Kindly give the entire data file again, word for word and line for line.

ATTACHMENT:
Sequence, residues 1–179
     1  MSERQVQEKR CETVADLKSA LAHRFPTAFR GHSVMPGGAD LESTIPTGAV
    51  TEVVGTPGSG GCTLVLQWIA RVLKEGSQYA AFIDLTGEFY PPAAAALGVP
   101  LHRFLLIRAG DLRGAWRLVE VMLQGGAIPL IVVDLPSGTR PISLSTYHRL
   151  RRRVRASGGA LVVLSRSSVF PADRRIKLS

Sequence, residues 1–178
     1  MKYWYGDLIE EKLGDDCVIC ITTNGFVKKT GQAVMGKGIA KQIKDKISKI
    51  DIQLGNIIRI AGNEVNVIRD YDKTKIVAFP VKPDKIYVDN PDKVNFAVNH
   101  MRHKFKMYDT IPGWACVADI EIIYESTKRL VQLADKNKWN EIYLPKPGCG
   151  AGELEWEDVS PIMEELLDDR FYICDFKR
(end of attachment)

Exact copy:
Sequence, residues 1–179
     1  MSERQVQEKR CETVADLKSA LAHRFPTAFR GHSVMPGGAD LESTIPTGAV
    51  TEVVGTPGSG GCTLVLQWIA RVLKEGSQYA AFIDLTGEFY PPAAAALGVP
   101  LHRFLLIRAG DLRGAWRLVE VMLQGGAIPL IVVDLPSGTR PISLSTYHRL
   151  RRRVRASGGA LVVLSRSSVF PADRRIKLS

Sequence, residues 1–178
     1  MKYWYGDLIE EKLGDDCVIC ITTNGFVKKT GQAVMGKGIA KQIKDKISKI
    51  DIQLGNIIRI AGNEVNVIRD YDKTKIVAFP VKPDKIYVDN PDKVNFAVNH
   101  MRHKFKMYDT IPGWACVADI EIIYESTKRL VQLADKNKWN EIYLPKPGCG
   151  AGELEWEDVS PIMEELLDDR FYICDFKR